Artigos LEC | Argentina. Conflict of Interest with high officials
11276
single,single-post,postid-11276,single-format-standard,ajax_fade,page_not_loaded,,select-theme-ver-3.3,wpb-js-composer js-comp-ver-4.12,vc_responsive

Argentina. Conflict of Interest with high officials

Por Lucio Maria Fabani Larrañaga

Conflict of interest, there’s nothing more ordinary in our lives than having to deal with opposing interests. It exceeds the government or corporate worlds. It comes from much beyond, from the depth of our roots, because we are naturally individuals. We regularly deal with different interests, sometimes we may incline the balance to satisfy our own personal interests; sometimes we cannot, either because of law, custom, practices or other requirements that recommend us going for other valuable interests in pursuit of a group or a more general welfare. Taking the right decision when dealing with opposing interests is not easy task. As a matter of fact the burden may be quite heavy when the battle goes around government officials’ personal interests and those of the Government or State they are supposed –and obliged- to protect.

Let’s see what recently happened in Argentina. The newly appointed President was involved in a huge scandal around a litigation (a sort of Chapter 11) involving the former concessionary of the official national mail service (Correo Argentino), a business owned, administered and under the responsibility of President’s family. The pressure of the media and the opposing political parties was of such a nature that compelled the same President, in a wrongly move from an integrity perspective, to undo specific procedural steps that originally affected the Government rights. It was too late to revert things back. In addition, as a way to address the compliants from unsatisfied citizens, the President swiftly issued two decrees, National Decree 201/2017, and National Decree 202/2017. Basically the Procurador del Tesoro (responsible of the legal representation of all legal matters concerning the National Government) and the Anti-corruption Office were ordered to be notified and get involved in all litigation -the first one- and all public bids, contracts, permits, authorizations -the second one- when there might be a potential conflict of interest between the President, Vice-president or its Cabinet with the interests they represent and are obliged to protect.

Fast measures do not necessarily lead to good outcomes. There’s no question that both measures served to hold back a twitchy mass of people eager for a deeply positive change for Argentinean institutions. Unfortunately the opportunity to take a step further in this field may have been lost. The Government missed the chance to heal the wounds opened back in 2013 when the National Congress – with the initiative of the former Government- suppressed the National Commission for Public Ethics (Law 26,857), an independent institution chartered with the duty of reviewing, assessing and even sanctioning deviations from government officials in terms of corruption, ethics, conflict of interests, etc.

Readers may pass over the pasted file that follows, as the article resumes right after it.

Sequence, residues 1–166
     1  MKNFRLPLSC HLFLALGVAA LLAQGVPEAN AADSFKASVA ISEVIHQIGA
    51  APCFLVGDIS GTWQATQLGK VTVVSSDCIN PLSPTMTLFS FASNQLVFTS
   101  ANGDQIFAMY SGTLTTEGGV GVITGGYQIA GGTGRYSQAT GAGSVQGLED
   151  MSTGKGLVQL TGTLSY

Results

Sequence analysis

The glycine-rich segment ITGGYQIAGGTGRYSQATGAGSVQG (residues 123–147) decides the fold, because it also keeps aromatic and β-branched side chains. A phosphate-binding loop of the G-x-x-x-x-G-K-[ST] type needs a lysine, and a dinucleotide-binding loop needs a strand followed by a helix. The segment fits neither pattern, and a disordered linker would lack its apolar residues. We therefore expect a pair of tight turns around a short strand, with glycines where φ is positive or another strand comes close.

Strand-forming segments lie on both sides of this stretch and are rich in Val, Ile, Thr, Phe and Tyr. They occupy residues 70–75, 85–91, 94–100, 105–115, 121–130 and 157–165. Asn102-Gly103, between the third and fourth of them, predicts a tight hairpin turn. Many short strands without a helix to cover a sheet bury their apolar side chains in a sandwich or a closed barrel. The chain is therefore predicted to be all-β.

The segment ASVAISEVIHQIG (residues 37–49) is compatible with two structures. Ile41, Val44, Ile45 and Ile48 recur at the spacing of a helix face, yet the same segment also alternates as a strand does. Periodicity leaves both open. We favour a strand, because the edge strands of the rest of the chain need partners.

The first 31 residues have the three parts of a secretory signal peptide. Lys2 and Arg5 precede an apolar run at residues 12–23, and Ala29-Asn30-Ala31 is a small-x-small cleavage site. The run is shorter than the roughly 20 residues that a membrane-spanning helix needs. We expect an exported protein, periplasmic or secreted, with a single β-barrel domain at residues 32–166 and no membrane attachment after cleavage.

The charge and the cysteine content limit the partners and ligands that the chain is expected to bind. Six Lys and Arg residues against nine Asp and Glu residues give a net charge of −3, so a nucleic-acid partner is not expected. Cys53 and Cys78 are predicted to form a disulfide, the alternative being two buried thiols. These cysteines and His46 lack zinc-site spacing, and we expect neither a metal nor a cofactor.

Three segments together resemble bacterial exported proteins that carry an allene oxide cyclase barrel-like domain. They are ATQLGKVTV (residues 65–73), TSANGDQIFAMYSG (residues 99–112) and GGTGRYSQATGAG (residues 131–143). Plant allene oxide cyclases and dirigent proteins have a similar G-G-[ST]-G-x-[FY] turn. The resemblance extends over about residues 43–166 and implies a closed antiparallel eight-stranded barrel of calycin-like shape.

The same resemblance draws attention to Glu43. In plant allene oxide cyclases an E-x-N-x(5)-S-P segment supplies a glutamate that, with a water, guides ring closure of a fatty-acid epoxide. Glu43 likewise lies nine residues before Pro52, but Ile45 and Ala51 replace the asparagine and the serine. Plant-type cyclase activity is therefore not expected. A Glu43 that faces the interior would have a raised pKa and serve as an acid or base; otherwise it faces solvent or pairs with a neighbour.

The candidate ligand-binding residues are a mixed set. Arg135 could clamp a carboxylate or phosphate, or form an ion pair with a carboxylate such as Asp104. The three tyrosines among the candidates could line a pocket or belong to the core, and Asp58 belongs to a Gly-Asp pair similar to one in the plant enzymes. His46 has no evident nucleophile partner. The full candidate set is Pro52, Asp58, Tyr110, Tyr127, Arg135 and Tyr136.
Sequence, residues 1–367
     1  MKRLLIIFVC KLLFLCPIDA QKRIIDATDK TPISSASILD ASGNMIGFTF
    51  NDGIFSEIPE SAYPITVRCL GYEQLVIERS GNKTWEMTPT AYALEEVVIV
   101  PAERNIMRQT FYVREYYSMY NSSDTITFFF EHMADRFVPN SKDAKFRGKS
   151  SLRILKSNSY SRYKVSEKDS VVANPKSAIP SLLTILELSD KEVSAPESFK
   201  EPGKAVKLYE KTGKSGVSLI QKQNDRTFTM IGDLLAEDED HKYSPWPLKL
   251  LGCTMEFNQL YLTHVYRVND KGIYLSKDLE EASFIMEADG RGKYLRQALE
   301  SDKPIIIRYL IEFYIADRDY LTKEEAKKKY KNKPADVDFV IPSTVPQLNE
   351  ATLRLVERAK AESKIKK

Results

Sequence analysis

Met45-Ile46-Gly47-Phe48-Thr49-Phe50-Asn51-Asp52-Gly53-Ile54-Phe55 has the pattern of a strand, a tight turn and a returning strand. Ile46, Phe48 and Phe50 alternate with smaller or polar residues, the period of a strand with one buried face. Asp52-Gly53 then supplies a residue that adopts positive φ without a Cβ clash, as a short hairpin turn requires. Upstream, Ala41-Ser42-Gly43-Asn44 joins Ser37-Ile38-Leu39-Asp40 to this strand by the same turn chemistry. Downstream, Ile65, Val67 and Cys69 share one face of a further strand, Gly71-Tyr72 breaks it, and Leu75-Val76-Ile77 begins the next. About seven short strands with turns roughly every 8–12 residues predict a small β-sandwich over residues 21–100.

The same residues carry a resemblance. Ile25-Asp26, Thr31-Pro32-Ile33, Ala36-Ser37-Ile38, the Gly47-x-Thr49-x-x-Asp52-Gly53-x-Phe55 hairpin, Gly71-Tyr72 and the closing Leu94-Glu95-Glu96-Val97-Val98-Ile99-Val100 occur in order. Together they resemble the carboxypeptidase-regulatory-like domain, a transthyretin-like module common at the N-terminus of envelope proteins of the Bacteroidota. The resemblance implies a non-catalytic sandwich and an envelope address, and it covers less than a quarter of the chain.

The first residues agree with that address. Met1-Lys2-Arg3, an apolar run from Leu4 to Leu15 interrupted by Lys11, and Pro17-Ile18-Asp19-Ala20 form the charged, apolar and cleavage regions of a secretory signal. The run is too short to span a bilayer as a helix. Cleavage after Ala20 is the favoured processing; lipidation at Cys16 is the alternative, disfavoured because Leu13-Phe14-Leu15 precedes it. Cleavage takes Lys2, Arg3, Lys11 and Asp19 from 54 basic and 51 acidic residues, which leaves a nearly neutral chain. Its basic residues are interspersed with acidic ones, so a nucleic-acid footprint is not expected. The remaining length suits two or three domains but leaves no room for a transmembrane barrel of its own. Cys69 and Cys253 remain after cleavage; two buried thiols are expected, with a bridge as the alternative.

It’s rather questionable that institutions hierarchically reporting within the same Executive Branch like the Procurador del Tesoro or Anti-corruption Office assess any conflict of interest of the nature of those involving the Nation interests and the President, Vice-president and Cabinet. The sole circumstance that the Procurador as the Official Anti-corruption are appointed or removed by the President or members of the Cabinet is strongly enough to confirm that we cannot expect true independence when those individuals are called to opine on interests involving its master in chief. As said during the old Rome, “Caesar’s wife must be above suspicion”, when talking about public figures, there must not be a mere doubt of potential wrongdoings.

Besides the lack of independence it’s unfortunate that Argentina did not take advantage of years of experience coming from different parts of the world. As a matter of fact “self disclosure” from high officials would have helped in resolving conflict of interests as there’s no one more suitable to raise the hand when facing a challenge than the same official. A self-disclosure regime may serve as an early warning tool to detect conflict of interests in advance. Charging on Procurador’s back the burden to identify conflicts of his or her boss or from members of the Cabinet may be like jumping through hoops with endless investigations and defocus from main legal responsibilities.

There’s no grayer zone than the one we see with conflict of interests. Wrong decisions, hurried rulings or lack of transparency when dealing with opposed interests may hinder any country’s ability to strengthen its institutions and keep credibility within the international community.

This note contains a personal opinion and does not necessarily represent that of my employer. In writing this opinion I am not representing nor acting on behalf of my employer.

[Publicado originalmente no LinkedIn]